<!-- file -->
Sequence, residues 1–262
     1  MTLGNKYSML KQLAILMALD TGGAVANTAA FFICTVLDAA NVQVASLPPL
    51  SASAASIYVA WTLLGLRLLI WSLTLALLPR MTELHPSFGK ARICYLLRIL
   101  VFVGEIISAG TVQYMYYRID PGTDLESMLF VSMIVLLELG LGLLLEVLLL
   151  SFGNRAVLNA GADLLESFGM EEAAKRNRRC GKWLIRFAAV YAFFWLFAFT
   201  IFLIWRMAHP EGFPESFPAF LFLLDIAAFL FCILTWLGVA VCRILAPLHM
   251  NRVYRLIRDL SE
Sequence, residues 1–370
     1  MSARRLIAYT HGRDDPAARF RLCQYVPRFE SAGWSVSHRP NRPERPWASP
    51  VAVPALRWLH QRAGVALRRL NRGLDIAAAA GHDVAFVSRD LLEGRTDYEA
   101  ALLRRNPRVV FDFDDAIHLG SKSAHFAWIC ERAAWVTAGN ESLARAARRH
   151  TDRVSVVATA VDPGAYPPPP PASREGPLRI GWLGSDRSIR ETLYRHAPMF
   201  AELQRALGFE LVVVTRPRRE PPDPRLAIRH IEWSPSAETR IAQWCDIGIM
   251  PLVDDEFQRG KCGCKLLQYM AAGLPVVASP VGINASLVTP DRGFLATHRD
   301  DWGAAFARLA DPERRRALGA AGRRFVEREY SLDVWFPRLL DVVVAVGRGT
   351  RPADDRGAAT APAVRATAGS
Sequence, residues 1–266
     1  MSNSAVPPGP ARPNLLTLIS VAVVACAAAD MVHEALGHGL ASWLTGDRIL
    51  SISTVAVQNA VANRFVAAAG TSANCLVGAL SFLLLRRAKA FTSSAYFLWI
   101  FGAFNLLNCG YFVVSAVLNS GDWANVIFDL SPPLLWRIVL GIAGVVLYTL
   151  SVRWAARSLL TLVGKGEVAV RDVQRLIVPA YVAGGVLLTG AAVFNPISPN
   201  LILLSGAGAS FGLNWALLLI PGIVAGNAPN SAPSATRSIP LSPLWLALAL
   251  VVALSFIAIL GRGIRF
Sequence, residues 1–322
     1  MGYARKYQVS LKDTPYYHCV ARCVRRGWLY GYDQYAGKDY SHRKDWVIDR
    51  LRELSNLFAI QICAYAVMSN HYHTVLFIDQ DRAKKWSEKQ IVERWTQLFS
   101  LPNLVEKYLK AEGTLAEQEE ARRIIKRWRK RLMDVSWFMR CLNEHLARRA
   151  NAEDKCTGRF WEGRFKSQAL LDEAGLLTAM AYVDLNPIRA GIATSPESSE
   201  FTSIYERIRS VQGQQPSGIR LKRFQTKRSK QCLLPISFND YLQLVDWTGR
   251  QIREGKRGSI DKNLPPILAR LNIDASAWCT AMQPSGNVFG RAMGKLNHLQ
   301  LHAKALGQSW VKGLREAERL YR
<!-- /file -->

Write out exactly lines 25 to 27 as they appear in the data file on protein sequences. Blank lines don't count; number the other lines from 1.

     1  MGYARKYQVS LKDTPYYHCV ARCVRRGWLY GYDQYAGKDY SHRKDWVIDR
    51  LRELSNLFAI QICAYAVMSN HYHTVLFIDQ DRAKKWSEKQ IVERWTQLFS
   101  LPNLVEKYLK AEGTLAEQEE ARRIIKRWRK RLMDVSWFMR CLNEHLARRA